Visualization and Interaction

Code in this section uses the CE solar model except where noted otherwise.

Model Hierarchy Treemaps

import plotly
from gpkit.interactive.plotting import treemap
from import *
Vehicle = Aircraft(Npod=3, sp=True)
M = Mission(Vehicle, latitude=[20])
fig = treemap(M)
plotly.offline.plot(fig, filename="treemap.html")

and, using sizing and counting by constraints instead of variables (the default):

fig = treemap(M, itemize="constraints", sizebycount=True)
plotly.offline.plot(fig, filename="sizedtreemap.html")

Variable Reference Plots

from import *
Vehicle = Aircraft(Npod=3, sp=True)
M = Mission(Vehicle, latitude=[20])
M.cost = M[M.aircraft.Wtotal]
sol = M.localsolve()

from gpkit.interactive.references import referencesplot
referencesplot(M, openimmediately=True)

Running the code above will produce two files in your working directory: referencesplot.html and referencesplot.json, and (unless you specify openimmediately=False) open the former in your web browser, showing you something like this:


Click to see the interactive version of this plot.

When a model’s name is hovered over its connections are highlighted, showing in red the other models it imports variables from to use in its constraints and in blue the models that import variables from it.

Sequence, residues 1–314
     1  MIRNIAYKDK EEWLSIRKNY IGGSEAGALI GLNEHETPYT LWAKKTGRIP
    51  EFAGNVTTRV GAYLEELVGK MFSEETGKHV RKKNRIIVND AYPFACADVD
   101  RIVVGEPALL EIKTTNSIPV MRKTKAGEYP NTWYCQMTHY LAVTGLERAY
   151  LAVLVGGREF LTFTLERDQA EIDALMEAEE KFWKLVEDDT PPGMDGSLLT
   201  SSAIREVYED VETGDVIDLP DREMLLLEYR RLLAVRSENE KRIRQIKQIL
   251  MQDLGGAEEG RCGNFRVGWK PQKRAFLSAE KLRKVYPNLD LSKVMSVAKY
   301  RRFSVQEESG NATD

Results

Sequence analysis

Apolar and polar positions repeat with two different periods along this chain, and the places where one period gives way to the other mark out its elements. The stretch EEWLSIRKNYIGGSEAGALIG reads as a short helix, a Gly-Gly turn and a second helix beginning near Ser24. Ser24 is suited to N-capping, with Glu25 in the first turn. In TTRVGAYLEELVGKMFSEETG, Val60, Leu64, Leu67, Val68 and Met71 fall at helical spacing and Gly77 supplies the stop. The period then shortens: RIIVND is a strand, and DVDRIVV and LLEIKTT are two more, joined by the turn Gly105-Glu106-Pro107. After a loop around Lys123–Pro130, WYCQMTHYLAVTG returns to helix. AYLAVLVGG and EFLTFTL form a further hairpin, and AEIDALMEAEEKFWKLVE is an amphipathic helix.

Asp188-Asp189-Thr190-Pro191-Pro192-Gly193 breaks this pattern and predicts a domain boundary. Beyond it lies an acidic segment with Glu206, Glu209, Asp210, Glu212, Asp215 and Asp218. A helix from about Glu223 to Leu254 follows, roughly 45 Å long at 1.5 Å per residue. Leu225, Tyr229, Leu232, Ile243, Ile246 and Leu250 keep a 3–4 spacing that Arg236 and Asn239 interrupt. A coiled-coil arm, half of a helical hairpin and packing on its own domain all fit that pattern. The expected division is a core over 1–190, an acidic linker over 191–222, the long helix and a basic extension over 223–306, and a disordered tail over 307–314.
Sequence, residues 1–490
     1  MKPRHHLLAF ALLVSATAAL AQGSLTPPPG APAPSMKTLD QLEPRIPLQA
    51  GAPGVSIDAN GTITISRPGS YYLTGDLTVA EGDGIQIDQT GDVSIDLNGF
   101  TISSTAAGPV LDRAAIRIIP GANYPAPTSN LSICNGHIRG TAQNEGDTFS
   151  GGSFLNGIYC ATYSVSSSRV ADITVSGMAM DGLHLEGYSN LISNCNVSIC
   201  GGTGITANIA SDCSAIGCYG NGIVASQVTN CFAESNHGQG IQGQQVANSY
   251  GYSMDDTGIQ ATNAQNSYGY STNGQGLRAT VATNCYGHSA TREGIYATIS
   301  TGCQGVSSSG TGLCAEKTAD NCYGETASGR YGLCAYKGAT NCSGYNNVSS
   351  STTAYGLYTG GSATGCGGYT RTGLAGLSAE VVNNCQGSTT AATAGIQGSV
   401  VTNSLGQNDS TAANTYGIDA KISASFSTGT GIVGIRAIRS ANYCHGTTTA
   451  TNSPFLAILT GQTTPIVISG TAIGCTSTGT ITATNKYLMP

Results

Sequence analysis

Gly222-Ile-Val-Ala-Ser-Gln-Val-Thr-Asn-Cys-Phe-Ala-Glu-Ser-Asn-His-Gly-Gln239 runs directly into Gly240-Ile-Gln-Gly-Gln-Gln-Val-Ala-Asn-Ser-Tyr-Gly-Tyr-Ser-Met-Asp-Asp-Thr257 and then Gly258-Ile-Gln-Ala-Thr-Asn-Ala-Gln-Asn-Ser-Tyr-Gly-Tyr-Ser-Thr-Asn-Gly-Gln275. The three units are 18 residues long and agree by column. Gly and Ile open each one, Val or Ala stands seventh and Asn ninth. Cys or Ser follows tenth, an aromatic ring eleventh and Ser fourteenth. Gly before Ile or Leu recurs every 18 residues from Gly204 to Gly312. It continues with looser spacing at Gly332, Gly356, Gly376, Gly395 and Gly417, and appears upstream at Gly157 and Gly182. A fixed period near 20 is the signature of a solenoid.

By default connections are shown with equal width (“Unweighted”). When “Global Sensitivities” is selected, connection width is proportional to the sensitivity of all variables in that connection to the importing model, corresponding exactly to how much the model’s cost would decrease if those variables were relaxed in only that importing model. This can give a sense of which connections are vital to the overall model. When “Normalized Sensitivities” is selected, that global weight is divided by the weight of all variables in the importing model, giving a sense of which connections are vital to each subsystem.

Sensitivity Diagrams


  • Jupyter Notebook
  • ipysankeywidget
    • Note that you’ll need to activate these widgets on Jupyter by runnning
      • jupyter nbextension enable --py --sys-prefix widgetsnbextension
      • jupyter nbextension enable --py --sys-prefix ipysankeywidget


from import *
Vehicle = Aircraft(Npod=3, sp=True)
M = Mission(Vehicle, latitude=[20])
M.cost = M[M.aircraft.Wtotal]
sol = M.localsolve()

from gpkit.interactive.sankey import Sankey